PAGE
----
Legal disagreements are a part of life – whether in individual or business matters. Sometimes those disagreements require the decision of a judge in court (litigation). However, some matters can avoid the courtroom by using Alternative Dispute Resolution (ADR).
What Is ADR?ADR encompasses methods of settling a legal disagreement outside of the courtroom. There are several methods including conciliation, negotiation, neutral evaluation, mediation and arbitration.
However, the most common methods are mediation and arbitration, which we will address here.
Types of ADRMediation is a type of ADR in which a neutral third party called a mediator helps the disputing parties resolve their disagreement. Usually, mediation is informal and the disputing parties can work together to find a solution. The mediator does not make a final decision or determine who is “right and wrong.” Instead, the mediator helps the two groups come to a voluntary settlement.
Learn more about mediation here.
Arbitration involves a third party who acts as the “judge,” and whose decision is final. During this formal process, the two parties involved submit documents for review, but are not involved in making a decision. Benefits for Businesses & IndividualsThere are several benefits to ADR for both individuals and businesses.
Individual ADR could cover:
Business ADR could cover:
This list is not exhaustive, but gives a broad range of possibilities.
Do you think ADR might be a good option for your dispute – or want legal counsel to determine if it is? The lawyers at SLN Law can help you decide, as well as navigate your dispute.
Contact SLN Law for more information.
Small business owners face the risk of making legal mistakes every day. They are required to make quick decisions. Few step into the role with experience as manager, employee, director of operations and head of sales – just to name a few of the hats you’re expected to wear.
Avoid the following four legal pitfalls by carving out time for preparation and legal guidance. It could be invaluable in the long run.
Legal Mistake #1 – Failing to Organize & Register the Business Entity
Entrepreneurs may put off creating a business entity due to cost or lack of experience with the process. However, forming the entity can legally separate business liabilities from personal assets and provide a level of protection to both.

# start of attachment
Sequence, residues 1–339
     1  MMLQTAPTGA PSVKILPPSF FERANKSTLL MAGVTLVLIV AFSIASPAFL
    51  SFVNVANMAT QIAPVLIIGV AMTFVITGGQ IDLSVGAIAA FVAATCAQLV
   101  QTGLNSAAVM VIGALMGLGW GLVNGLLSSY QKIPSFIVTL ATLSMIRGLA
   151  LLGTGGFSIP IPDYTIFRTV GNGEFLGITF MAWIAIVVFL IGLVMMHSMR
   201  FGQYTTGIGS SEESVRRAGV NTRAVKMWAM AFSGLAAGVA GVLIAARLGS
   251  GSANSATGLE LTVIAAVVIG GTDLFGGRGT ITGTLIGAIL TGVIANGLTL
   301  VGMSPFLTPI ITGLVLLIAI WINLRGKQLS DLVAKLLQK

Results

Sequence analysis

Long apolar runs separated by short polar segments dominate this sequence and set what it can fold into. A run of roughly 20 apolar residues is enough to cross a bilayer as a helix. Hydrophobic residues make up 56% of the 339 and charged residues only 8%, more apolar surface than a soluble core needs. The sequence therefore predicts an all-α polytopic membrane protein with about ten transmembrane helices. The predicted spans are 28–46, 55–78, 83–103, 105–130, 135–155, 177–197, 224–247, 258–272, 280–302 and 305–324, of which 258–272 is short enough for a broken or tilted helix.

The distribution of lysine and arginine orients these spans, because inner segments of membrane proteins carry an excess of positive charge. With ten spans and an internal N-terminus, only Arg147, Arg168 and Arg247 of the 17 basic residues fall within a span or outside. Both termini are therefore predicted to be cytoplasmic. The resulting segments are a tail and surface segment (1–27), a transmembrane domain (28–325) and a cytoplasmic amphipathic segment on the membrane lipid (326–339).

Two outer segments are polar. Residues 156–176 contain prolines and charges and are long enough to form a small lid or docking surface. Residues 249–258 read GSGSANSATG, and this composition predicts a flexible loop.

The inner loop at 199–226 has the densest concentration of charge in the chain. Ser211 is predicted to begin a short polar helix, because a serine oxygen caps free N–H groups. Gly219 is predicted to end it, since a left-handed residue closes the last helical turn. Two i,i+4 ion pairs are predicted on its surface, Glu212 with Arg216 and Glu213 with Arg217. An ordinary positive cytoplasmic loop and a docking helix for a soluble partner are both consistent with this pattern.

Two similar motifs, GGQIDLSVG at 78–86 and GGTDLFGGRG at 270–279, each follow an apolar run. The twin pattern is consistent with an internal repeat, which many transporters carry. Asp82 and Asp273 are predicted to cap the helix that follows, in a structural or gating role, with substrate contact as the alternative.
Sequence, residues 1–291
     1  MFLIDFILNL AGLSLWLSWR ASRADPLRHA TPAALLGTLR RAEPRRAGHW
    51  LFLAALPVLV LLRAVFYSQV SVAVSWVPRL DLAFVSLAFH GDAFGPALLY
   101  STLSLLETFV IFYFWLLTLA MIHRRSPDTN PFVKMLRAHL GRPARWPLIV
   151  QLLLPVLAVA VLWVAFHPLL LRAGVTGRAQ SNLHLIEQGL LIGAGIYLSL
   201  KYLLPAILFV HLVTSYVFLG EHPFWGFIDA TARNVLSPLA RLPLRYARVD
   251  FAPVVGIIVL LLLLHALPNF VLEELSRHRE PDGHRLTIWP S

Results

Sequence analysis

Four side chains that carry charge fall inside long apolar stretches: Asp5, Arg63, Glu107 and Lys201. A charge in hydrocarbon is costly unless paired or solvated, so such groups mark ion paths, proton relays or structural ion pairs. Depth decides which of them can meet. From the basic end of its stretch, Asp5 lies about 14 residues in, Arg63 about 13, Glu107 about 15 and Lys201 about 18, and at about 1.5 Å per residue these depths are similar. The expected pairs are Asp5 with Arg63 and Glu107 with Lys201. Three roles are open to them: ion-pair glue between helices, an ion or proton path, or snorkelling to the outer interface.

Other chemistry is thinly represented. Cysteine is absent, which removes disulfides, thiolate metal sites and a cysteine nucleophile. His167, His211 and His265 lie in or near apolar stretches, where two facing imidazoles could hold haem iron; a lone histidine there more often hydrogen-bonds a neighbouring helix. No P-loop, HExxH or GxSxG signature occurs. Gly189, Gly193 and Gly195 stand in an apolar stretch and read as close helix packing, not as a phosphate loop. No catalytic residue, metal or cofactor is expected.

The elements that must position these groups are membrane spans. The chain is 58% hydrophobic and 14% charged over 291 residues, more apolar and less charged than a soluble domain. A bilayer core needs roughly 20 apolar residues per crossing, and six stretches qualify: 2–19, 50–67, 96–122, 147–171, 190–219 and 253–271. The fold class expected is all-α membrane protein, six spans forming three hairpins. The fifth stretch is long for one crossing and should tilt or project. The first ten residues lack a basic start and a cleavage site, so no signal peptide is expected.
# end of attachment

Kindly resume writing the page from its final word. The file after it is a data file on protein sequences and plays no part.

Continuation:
There are many resources available to teach first-time business owners about the difference between legal structures, such as sole proprietorships, partnerships and corporations. Once a legal structure is selected, business owners are then responsible for adhering to federal and state regulations around registering for operation.
Business attorneys can guide owners through the process or handle it entirely. Either way, it is crucial to complete every step, so that the business is not open to future liability.
Legal Mistake #2 – Not Putting Agreements in Writing
Never work without a written contract. It forces all parties to agree to exact terms. However, contracts do require time to work through and finalize.
Small business owners may justify “handshake deals” because they are engaging known vendors and contractors. In practice, if an issue in these circumstances goes to court, it typically ends up as a “he said/she said” fight with no guarantee of how it will resolve.
Business owners can work with their lawyer to establish a standard contract template that reflects the parties a business regularly works with – vendors, contractors, employees, customers, etc.
The clearer the contract, the easier it is to enforce if the business ends up in court for any reason.
Legal Mistake #3 – Failing to Protect Brand & IP
Many small business owners do not distinguish intellectual property (IP) with its unique categories or take time to determine how to best protect each type.
Do not wait until a competitor attempts to steal the “secret sauce” or claim rights to it. It will likely be too late to secure legal protection.
An easy first step is to inventory both current IP assets and the intent for future IP development, and then create a plan to protect it all appropriately.
Legal Mistake #4 – Not Preparing for Employment Issues
Taking on employees is a major milestone for small businesses. Good employees will help fast-track business growth. Subpar employees may intentionally or unintentionally undermine business objectives. The worst-case scenario is when bad employees become legal liabilities due to harassment, theft, or other legal issues that require time and money to resolve.
Avoid this problem by developing a legal strategy in advance that addresses all the relevant laws around hiring, managing and dismissing employees. This strategy should include creating an employment policy that covers terms of employment, disciplinary procedures and procedures for filing and dealing with complaints.